Is The Driver Obsolete on Tour?
First of all, I was so happy to see Phil Mickelson win The Open Championship this weekend. Phil comes across as the most genuine, humble and fan-centric player among the elite, and is a role model for how the younger guns should embrace the unbelievable opportunity they have to play this game for a living. And after his heart-breaking loss at the U.S. Open last month, he just deserved this, in my mind at least.
Muirfield was certainly a different kind of test than was presented by Merion. That fast track could not have been a starker contrast to the soft conditions last month. But what struck me as most interesting about these two events is how Phil chose to forego a driver in his bag, so that he could carry five wedges. Getting more accuracy in prime scoring range, at the cost of a very few yards off the tee paid off. And he was only a swing or two, a putt or two, away from having both Open trophies in his case right now.
So that begs the question – Could the driver be rendered obsolete on the PGA Tour? If other courses began to make the players choose accuracy over distance it sure could. At most routine tour events, the rough is not that punishing and the fairways are generous, so these guys can bomb it out there as far as they can, hitting not more than 55-65% of the fairways and still shoot lights out. But what if they took something more like the Merion or Muirfield route? What if fairways averaged something under 24 yards in width, rough was penalizing and bunkers were nasty places you do not want to be? What if something around par or a few under for 72 holes became the norm, and 15-25 under par became very, very rare?
Would television audiences fade? Do they just want to see these guys light it up? Or do they want to see them work hard for pars ... like most of us have to?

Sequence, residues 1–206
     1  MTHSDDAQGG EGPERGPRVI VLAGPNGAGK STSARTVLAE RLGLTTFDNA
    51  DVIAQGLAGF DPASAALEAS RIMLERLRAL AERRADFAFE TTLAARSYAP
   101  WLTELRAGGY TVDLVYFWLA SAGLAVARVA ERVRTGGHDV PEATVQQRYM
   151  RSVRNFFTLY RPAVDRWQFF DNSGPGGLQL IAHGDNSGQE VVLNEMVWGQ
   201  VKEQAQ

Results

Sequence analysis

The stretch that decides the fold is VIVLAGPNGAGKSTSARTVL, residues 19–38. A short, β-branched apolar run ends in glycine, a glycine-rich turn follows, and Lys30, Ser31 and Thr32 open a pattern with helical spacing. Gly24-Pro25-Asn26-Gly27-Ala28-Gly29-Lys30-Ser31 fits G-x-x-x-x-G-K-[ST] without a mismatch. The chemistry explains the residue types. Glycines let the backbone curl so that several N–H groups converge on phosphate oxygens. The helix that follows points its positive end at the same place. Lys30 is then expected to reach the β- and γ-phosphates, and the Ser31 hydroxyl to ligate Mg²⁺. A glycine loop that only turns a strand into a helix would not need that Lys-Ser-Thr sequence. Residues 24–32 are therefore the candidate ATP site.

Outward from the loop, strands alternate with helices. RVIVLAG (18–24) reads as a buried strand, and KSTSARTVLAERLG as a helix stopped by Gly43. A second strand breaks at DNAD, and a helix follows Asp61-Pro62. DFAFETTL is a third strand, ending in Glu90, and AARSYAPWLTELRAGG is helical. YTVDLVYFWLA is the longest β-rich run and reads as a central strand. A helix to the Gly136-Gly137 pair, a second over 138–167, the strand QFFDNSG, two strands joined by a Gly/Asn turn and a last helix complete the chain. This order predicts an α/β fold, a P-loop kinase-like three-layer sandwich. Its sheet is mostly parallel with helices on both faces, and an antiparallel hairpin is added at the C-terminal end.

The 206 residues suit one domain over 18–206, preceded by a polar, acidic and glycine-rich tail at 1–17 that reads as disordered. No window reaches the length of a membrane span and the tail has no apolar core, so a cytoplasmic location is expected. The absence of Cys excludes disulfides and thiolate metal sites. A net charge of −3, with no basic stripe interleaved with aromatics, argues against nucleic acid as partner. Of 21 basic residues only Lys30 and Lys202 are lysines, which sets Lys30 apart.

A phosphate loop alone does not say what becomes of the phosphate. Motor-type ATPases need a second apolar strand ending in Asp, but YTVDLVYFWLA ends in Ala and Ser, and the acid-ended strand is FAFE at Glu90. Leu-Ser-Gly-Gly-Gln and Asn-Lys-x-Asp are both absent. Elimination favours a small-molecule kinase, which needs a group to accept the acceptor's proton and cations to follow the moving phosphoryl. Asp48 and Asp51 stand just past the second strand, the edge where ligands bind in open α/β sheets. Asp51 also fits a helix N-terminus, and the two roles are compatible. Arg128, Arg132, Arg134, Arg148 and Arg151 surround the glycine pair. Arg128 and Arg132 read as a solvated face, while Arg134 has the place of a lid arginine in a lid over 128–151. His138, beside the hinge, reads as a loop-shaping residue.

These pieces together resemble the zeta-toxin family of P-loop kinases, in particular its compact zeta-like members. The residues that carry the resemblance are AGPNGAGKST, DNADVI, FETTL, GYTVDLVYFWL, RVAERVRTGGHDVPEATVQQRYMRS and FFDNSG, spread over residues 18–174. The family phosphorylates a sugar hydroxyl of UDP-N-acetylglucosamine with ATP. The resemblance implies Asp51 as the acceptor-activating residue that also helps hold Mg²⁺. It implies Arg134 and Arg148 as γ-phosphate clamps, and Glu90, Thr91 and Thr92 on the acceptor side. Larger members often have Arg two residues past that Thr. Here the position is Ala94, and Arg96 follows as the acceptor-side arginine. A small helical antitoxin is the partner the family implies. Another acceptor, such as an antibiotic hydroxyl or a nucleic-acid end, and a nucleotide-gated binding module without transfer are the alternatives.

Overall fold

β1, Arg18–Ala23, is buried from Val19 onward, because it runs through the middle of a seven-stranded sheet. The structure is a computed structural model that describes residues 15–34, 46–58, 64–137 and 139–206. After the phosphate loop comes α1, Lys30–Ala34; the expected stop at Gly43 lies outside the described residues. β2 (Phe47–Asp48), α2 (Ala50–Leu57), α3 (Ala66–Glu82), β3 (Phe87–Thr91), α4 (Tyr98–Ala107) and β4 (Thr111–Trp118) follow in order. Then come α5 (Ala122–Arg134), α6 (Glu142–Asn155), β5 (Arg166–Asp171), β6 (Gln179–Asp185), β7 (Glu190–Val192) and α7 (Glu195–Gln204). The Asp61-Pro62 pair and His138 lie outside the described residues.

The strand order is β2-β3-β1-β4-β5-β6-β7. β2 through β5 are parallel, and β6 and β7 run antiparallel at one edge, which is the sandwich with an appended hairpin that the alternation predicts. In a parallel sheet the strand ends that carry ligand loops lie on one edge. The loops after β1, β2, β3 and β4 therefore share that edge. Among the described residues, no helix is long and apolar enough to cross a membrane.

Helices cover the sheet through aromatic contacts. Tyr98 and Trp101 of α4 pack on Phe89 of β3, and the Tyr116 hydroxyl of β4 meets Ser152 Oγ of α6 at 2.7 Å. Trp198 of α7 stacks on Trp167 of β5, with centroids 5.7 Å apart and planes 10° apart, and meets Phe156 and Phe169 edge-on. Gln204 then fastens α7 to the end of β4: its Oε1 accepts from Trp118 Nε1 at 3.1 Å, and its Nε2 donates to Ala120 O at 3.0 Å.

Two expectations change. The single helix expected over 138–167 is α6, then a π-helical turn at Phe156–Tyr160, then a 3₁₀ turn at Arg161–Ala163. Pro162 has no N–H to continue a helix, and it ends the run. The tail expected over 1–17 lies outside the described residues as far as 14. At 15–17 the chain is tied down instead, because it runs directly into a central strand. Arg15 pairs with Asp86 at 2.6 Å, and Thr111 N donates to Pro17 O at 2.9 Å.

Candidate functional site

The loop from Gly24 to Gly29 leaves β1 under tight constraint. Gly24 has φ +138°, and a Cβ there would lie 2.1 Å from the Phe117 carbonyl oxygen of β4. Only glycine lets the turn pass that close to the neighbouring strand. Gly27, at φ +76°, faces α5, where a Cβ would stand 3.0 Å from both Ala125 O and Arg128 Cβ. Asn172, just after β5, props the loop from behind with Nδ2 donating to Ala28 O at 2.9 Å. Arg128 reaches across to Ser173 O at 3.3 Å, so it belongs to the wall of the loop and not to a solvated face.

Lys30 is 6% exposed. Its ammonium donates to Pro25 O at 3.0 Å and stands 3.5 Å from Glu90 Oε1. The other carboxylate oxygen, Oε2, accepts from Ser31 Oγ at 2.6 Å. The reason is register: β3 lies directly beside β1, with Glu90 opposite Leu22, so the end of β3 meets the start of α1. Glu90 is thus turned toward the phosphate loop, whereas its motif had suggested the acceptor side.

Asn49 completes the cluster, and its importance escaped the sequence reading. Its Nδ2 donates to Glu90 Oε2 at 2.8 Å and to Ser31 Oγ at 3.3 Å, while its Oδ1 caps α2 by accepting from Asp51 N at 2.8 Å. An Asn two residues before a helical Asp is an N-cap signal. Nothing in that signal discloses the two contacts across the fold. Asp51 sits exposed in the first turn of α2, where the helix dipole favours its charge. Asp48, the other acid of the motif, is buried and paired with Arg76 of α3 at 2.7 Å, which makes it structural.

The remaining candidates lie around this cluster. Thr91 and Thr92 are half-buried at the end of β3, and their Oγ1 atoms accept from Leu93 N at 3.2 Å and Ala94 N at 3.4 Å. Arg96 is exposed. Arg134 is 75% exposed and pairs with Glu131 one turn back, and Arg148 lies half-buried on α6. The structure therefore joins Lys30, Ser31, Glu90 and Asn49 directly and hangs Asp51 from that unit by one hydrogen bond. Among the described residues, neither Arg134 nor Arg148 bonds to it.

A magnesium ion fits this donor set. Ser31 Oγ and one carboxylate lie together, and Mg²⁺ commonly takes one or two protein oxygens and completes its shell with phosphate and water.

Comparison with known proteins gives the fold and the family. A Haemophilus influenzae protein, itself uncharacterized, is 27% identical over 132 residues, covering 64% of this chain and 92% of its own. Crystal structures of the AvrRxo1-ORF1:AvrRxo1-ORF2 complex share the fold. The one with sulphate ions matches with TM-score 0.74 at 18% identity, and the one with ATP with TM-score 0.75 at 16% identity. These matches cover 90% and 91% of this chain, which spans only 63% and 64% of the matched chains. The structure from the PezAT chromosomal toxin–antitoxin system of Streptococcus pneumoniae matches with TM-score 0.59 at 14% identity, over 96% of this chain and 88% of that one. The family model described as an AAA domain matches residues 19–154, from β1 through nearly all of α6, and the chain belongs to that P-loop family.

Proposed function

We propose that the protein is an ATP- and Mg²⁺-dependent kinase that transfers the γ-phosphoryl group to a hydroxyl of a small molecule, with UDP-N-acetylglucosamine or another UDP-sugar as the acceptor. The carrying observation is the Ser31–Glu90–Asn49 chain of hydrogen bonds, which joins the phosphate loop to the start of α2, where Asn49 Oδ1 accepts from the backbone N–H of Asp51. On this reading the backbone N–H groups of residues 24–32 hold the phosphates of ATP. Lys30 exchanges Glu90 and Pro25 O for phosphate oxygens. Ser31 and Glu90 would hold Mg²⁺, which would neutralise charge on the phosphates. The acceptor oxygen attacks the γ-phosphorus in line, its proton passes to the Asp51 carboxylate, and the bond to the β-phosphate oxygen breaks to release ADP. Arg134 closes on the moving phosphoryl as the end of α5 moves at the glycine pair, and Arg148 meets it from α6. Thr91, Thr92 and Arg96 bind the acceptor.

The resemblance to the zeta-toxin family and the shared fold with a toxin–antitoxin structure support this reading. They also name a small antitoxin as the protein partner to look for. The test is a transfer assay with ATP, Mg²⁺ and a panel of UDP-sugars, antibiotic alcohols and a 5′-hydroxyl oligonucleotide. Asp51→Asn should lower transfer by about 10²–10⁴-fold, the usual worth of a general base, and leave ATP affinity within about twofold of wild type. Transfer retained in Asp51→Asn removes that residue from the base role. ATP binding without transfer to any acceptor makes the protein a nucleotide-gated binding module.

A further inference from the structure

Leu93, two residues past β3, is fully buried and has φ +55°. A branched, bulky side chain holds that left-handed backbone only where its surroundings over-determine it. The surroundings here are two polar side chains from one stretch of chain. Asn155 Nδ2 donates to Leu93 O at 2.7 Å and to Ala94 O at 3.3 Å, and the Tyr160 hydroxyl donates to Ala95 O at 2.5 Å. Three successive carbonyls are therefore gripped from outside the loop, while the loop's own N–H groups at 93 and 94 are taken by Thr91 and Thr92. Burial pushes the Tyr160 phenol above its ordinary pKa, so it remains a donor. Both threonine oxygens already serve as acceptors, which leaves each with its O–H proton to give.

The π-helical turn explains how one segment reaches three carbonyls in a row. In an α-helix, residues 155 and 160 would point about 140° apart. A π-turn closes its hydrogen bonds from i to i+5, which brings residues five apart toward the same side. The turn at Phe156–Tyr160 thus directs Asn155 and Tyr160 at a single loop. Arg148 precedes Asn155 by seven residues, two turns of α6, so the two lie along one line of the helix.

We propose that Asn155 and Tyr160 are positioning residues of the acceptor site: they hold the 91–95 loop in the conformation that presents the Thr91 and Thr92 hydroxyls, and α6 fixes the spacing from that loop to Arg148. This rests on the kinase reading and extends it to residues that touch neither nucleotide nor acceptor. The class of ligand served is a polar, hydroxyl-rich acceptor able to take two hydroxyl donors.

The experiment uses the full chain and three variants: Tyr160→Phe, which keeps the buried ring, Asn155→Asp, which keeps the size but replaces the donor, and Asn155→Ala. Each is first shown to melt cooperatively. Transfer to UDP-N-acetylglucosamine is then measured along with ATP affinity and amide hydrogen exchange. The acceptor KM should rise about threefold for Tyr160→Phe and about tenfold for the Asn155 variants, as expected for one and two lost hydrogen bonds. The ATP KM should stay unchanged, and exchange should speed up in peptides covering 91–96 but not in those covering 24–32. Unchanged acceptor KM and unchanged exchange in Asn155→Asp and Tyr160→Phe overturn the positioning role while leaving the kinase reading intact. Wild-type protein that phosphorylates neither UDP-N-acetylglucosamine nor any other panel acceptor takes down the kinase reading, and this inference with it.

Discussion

But back to the driver question. Phil is carrying a pretty hot 3-wood, about 13.5 loft and 43" or more in length. That's really close to driver specs of a few decades ago. But with the technology in the club, shaft and ball, and the bigger athlete now playing the game, is anything more really required? I would bet the average recreational golfer of 8 handicap or higher would hit a club like that further on average and much straighter than they do their current driver. And 5-irons from the fairway are much easier shots than 6- or 7-irons from the rough.
The other advantage of dropping the driver is that you can carry more scoring clubs, to give you more options and improved precision in scoring range.
So, why don't you guys all weigh in on these two questions?
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I don't think anything would happen to my score is I dropped my driver. I don't have a fairway wood to be able to use off the tee, so the loss in distance would put me to where I would be if I were to play the back tees with my driver. I'd be looking at an extra 3-4 strokes.